New BOJ governor set to start stimulus soon
Monetary easing could start next month as more aggressive approach to tackling price falls looms
The Bank of Japan may add monetary stimulus as early as April as prospective governor Haruhiko Kuroda looks to demonstrate a more aggressive approach to tackling 15 years of falling prices.
Kuroda, the current Asian Development Bank president, will take office after governor Masaaki Shirakawa retires on March 19, if confirmed by Parliament following his official nomination on Thursday. Analysts at banks from Nomura to Mizuho Securities see more easing as soon as a meeting on April 3 and 4.
Given a jump in Japanese stocks and slide in the yen in recent months in anticipation of greater stimulus under the new leadership, any failure to move in April risks disappointing investors, ex-Bank of England banker Adam Posen said this week.
With a third consecutive fall in consumer prices in January showing the scale of his challenge, Kuroda may seek to adjust the timing, size and type of assets the Bank of Japan buys.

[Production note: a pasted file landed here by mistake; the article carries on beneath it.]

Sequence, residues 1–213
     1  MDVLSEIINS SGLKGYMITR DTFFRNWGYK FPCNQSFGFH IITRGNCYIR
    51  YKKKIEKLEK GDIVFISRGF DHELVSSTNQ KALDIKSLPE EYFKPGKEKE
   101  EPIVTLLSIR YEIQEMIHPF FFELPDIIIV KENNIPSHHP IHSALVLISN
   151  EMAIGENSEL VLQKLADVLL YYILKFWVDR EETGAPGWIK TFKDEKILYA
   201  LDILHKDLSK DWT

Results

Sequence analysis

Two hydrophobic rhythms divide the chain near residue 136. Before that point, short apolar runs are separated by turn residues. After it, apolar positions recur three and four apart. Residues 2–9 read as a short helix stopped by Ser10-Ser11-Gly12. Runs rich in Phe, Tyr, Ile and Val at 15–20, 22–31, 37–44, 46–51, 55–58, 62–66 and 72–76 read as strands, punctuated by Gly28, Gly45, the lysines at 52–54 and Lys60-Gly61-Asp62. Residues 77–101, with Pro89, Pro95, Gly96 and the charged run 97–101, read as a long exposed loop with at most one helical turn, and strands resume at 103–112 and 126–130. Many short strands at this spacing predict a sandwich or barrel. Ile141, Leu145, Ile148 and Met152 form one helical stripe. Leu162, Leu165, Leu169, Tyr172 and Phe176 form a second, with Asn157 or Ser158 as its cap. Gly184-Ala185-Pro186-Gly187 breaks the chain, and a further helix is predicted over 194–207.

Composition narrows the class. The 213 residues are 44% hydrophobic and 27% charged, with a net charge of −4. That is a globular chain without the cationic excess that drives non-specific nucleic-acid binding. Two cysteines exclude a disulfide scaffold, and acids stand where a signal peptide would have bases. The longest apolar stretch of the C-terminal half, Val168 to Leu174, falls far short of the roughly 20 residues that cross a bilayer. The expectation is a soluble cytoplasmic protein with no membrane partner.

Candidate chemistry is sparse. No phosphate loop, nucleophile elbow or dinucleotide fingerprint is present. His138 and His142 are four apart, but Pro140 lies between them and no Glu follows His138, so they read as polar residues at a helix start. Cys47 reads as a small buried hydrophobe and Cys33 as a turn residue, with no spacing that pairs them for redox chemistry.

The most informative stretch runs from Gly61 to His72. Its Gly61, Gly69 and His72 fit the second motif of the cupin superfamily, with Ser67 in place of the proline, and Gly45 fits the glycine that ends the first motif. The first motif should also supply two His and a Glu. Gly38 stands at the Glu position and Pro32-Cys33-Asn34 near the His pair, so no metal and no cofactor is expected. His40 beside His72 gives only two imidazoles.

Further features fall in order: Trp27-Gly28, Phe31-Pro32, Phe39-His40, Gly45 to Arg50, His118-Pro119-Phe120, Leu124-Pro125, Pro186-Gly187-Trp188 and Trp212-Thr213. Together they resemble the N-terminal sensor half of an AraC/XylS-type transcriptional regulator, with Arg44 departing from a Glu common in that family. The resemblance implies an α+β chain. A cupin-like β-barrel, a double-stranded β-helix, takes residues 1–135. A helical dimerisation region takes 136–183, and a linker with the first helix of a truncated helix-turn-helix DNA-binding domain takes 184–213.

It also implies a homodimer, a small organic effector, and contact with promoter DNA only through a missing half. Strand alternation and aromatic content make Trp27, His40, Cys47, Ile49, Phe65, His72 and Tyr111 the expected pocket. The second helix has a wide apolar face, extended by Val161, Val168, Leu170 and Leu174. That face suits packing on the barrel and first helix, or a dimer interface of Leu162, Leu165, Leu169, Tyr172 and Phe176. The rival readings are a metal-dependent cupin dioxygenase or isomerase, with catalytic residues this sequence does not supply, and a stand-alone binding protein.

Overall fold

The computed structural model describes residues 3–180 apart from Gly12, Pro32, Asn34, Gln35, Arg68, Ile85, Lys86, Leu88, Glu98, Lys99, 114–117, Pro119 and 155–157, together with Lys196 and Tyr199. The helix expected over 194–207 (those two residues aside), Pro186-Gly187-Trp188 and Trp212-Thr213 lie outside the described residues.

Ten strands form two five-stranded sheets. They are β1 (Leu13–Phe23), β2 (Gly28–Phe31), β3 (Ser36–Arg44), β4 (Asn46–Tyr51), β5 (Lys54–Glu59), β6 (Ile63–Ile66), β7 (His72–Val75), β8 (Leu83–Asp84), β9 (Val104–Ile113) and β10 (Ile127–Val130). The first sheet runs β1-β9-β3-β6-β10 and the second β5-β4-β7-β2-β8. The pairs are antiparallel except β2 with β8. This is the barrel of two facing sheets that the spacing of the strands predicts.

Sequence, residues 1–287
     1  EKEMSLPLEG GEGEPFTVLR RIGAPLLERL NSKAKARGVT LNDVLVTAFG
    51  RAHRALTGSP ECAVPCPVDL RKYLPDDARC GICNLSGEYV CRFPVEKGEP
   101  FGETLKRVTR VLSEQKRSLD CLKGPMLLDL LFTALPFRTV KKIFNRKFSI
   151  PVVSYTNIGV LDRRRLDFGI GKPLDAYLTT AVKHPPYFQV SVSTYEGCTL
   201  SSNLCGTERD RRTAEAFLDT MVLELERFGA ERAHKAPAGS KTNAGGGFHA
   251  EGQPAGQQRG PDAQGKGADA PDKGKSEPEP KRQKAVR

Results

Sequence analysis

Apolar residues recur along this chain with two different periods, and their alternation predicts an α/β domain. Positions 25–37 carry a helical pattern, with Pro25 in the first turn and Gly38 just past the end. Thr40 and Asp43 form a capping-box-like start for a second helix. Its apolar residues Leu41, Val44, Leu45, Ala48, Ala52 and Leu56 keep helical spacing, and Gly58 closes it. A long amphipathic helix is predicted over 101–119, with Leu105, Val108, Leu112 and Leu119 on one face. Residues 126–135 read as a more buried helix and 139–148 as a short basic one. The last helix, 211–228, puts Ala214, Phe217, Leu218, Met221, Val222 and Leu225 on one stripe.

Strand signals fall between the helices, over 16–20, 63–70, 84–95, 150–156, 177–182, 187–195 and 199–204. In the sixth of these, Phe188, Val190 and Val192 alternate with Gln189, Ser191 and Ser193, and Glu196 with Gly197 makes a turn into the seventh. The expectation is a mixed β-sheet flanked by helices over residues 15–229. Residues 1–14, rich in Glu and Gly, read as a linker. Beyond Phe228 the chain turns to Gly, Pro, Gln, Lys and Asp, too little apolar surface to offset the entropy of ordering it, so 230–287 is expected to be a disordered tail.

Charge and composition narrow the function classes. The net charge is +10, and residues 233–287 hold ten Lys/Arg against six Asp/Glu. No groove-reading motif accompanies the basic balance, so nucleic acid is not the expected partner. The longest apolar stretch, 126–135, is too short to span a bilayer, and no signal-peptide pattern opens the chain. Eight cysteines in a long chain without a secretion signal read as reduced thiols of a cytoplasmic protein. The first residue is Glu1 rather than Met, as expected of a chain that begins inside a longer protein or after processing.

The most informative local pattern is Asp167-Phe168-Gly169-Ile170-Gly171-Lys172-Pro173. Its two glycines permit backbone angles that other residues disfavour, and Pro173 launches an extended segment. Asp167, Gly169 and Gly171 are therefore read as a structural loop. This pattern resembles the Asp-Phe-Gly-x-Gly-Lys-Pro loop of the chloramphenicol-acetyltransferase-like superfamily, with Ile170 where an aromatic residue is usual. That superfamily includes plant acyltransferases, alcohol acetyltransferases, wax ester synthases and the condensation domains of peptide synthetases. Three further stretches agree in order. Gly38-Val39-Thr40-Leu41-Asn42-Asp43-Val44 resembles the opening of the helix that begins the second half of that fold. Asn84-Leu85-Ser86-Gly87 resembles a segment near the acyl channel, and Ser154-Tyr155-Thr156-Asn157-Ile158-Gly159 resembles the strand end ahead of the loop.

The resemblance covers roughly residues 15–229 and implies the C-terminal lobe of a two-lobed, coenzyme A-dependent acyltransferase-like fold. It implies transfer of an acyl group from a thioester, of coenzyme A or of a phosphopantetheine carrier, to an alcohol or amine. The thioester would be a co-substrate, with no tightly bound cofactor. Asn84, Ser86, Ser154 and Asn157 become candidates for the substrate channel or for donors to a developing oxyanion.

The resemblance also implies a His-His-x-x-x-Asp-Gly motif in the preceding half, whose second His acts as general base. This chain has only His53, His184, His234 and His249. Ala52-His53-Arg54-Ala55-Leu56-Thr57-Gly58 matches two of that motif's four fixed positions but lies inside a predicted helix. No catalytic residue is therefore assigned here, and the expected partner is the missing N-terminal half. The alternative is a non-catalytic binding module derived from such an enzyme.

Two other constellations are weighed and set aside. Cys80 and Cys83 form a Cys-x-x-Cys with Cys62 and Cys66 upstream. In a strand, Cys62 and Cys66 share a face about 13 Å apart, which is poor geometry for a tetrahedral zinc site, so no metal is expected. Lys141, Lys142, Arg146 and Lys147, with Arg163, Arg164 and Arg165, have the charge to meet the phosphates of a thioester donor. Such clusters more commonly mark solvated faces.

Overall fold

"The party has just started," said Masaaki Kanno, chief Japan economist at JP Morgan Chase in Tokyo, who in January predicted that Kuroda would get the job. "Give us more alcohol and get us excited - he will do that," Kanno said of Kuroda, predicting that the bank's open-ended bond purchases, scheduled to begin in January, will be brought forward to May or June.
The analogy refers to a comment credited to former Federal Reserve chairman William McChesney Martin equating tighter monetary policy with removing the punch bowl at a party.
Prime Minister Shinzo Abe's administration will hold confirmation hearings from March 4, said Tsutomu Sato, acting chairman of the ruling Liberal Democratic Party's parliamentary affairs committee. The opposition Democratic Party of Japan, the largest party in the upper house, has signalled it will back Kuroda, despite a split parliament.
Abe nominated Kikuo Iwata, an economics professor who backs greater government oversight of monetary policy, and Bank of Japan executive director Hiroshi Nakaso for two deputy governor posts.
The Japanese currency was little changed yesterday after falling nearly 11 per cent against the US dollar in the past three months.
The Nikkei-225 Index edged lower after capping its longest monthly winning streak since 2006 on Thursday.
The yen's slide has bolstered confidence among some manufacturers, with Toyota raising its profit forecast to a five-year high. Hiroshi Tomono, the head of a steel industry group, told reporters yesterday that he expects the central bank to act quickly in tandem with the government.
Nomura economist Tomo Kinoshita sees a 10 trillion yen (HK$840 billion) increase in the bank's asset purchase programme as the most likely move.